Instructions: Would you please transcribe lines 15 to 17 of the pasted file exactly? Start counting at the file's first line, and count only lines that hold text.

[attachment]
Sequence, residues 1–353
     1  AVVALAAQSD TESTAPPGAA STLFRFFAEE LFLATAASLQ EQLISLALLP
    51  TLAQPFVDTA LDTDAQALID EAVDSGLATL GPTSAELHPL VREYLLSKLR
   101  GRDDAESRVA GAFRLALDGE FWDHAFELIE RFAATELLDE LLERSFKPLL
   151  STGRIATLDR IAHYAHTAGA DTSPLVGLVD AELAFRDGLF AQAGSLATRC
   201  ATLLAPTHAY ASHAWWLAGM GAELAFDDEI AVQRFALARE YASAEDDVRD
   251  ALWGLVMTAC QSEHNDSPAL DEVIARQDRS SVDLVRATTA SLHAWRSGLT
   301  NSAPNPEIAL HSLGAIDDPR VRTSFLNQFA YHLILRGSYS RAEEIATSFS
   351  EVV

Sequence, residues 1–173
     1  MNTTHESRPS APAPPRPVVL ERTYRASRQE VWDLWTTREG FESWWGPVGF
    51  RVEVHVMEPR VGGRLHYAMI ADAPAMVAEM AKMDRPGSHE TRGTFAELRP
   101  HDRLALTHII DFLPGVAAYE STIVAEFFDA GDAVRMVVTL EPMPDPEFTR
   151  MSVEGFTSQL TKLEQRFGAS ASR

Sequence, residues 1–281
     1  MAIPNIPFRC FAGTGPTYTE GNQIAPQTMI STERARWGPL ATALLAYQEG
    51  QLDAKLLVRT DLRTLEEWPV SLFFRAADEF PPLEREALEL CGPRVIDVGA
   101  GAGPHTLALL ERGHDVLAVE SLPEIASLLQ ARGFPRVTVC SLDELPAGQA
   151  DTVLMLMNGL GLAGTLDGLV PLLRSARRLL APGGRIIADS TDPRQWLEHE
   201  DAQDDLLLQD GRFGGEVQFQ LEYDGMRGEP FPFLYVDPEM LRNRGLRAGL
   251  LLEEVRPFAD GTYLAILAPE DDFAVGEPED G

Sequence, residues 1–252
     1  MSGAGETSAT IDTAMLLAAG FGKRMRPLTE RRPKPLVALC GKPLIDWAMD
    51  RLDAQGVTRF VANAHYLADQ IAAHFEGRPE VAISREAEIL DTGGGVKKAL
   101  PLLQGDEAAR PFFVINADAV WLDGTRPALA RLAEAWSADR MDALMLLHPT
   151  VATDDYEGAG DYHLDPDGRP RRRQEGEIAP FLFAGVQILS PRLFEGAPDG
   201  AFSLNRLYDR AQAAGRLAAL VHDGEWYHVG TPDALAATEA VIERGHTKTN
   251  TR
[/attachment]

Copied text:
Sequence, residues 1–281
     1  MAIPNIPFRC FAGTGPTYTE GNQIAPQTMI STERARWGPL ATALLAYQEG
    51  QLDAKLLVRT DLRTLEEWPV SLFFRAADEF PPLEREALEL CGPRVIDVGA